In restoring the White Horse Inn, an equestrian-themed eatery in Metamora, Mich., the pair profited from the untiring efforts of local craftsmen who viewed the restoration as a personal challenge, a timely mix of grants and tax credits and a distinctive roofing product manufactured by a Michigan manufacturer at its Metamora facility. The story starts with the decision of Victor Dzenowagis and his wife, Linda Egeland, to shepherd the inn’s restoration.
The White Horse Inn had been the Wolverine State’s longest-operating restaurant before closing in late 2012. The logical folks to revive the eatery were Dzenowagis and Egeland, who were not only 24-year Metamora residents, but also own and operate five upscale dining restaurants in the Detroit Metro area.
“It had fallen into disrepair and had been seriously neglected over the prior 20 years,” Dzenowagis says. “Given the magnitude of the renovations necessary to bring back the White Horse, we weren’t initially interested in taking on the challenge. After five months of watching the building sit idle and the village decline, we began to look into ways to get some financial support so as to make the massive investment. What it all came down to was that old saying, ‘Somebody ought to do something’, and that somebody was us.”
Once they’d taken on the task of restoring the White Horse, Dzenowagis and Egeland came face to face with the many challenges that effort would involve. “Getting the financing together was difficult,” Dzenowagis says. “We needed grant money. We needed community financial support. We needed to come up with money of our own. And we needed to convince our bank that this was a bankable project. Fortunately, we were able to do all that.”
After a lot of hard work, the couple was able to garner enough grant funding to make the project feasible from their standpoint. Still, Dzenowagis says, “This is more a labor of love than it will be a financial windfall.”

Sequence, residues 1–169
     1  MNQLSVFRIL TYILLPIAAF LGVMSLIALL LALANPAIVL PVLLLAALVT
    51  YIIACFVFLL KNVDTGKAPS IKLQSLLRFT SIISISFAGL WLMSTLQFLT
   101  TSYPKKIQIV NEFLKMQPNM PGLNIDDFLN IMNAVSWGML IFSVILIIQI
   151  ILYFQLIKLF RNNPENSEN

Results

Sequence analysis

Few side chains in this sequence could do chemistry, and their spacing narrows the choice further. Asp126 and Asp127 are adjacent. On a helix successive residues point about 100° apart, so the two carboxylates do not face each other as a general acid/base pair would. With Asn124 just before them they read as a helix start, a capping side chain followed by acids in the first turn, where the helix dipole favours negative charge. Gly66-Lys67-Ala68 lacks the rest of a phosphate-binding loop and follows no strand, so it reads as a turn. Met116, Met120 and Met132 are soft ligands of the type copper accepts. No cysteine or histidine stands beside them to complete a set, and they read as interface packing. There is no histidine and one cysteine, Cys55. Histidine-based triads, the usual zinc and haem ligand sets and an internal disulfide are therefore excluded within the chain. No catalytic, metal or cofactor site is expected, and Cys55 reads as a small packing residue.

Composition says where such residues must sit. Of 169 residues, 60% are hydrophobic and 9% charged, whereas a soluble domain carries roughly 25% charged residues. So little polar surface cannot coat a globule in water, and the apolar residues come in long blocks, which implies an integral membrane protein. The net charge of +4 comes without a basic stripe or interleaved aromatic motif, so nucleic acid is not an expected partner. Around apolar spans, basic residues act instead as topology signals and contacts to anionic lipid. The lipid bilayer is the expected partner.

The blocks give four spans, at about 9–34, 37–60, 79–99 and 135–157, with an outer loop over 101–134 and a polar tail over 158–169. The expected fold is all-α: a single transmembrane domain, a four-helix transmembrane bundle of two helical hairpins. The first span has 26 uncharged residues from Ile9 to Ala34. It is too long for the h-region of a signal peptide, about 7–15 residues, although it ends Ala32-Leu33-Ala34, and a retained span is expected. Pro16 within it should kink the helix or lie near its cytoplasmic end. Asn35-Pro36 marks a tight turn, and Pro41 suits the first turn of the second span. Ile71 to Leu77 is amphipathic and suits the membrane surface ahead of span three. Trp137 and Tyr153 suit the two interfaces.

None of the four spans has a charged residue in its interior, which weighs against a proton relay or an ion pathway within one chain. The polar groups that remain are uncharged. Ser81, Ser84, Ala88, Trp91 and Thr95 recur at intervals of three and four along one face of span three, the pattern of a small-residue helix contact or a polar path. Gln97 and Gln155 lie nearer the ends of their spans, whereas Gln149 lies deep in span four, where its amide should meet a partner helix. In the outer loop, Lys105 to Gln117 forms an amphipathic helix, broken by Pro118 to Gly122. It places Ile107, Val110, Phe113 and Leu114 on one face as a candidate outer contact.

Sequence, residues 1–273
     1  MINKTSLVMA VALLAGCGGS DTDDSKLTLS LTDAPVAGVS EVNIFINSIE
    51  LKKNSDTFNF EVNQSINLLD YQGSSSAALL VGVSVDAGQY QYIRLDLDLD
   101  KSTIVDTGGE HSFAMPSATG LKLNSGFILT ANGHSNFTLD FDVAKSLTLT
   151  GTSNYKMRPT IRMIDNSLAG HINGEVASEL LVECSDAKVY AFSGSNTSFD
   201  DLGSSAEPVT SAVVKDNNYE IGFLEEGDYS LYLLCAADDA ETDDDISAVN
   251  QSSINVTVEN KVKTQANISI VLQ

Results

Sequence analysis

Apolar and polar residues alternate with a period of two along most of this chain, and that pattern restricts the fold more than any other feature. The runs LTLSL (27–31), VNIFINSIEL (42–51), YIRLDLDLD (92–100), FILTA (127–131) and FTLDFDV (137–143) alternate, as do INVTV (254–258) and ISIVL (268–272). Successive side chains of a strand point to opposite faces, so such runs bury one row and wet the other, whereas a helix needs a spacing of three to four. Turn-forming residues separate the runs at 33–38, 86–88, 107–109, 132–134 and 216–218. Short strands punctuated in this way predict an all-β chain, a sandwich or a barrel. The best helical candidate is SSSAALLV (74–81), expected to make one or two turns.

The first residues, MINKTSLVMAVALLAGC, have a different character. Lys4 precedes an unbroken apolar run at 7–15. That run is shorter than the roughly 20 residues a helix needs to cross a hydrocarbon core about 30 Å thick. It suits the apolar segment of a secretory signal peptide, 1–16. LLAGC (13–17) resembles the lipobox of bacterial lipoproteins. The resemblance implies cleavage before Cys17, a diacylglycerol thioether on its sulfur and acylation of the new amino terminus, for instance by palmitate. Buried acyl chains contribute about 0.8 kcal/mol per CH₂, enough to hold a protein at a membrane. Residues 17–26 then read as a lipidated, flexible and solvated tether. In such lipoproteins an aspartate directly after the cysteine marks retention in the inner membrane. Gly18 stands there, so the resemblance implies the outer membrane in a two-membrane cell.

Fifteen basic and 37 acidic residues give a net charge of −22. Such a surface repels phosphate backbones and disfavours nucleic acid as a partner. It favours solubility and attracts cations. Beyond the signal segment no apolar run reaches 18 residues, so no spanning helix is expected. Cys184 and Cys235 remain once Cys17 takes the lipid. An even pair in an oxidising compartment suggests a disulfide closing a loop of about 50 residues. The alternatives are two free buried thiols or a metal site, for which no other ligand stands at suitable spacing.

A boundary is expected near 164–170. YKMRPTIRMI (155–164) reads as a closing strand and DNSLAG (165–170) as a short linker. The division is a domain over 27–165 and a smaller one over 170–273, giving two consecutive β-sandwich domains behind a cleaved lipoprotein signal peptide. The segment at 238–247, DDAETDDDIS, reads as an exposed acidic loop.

The total budget, including property purchase, is $2.5 million. Funding includes a State of Michigan grant for job creation of $570,000, a Metamora Downtown Development Authority grant of $300,000 and a Federal Historic Tax Credit of $80,000 with the remainder from private money and a bank loan.
A big hurdle was creating a building design that kept the 1850s character of the White Horse but blended in modern amenities, like working bathrooms and a large kitchen to handle expected overflow weekend crowds. “The deterioration of the original building was, and still is, a big challenge,” Dzenowagis says. “The foundation is failing, the wood siding is rotten in many areas, the original windows are in tough shape. It is in the kind of condition you would expect from something built over 160 years ago. Dealing with structural problems within the scope of a historic renovation has been time consuming and expensive. But it’s just part of the challenge when one signs on to a project like this.”
One of the serendipitous early occurrences that helped smooth the process was the discovery of “the perfect architect for the project,” Dzenowagis says. Architect Charlie Veneklase and his architect wife own a Royal Oak, Mich., boutique firm called Von Staden Architects. Veneklase grew up in a 250-year-old house in Connecticut, has an affinity for historic buildings and a love for challenges like marrying an authentic look with up-to-date functionality.“Beyond that, we spent a lot of time doing period research to come up with architectural elements, such as lighting and furniture that work in the realm of our renovation,” Dzenowagis says. “Next, we sought out true craftsmen who wanted to work on this project—who either live in the area or are passionate about retaining historic buildings—to help with the restoration.”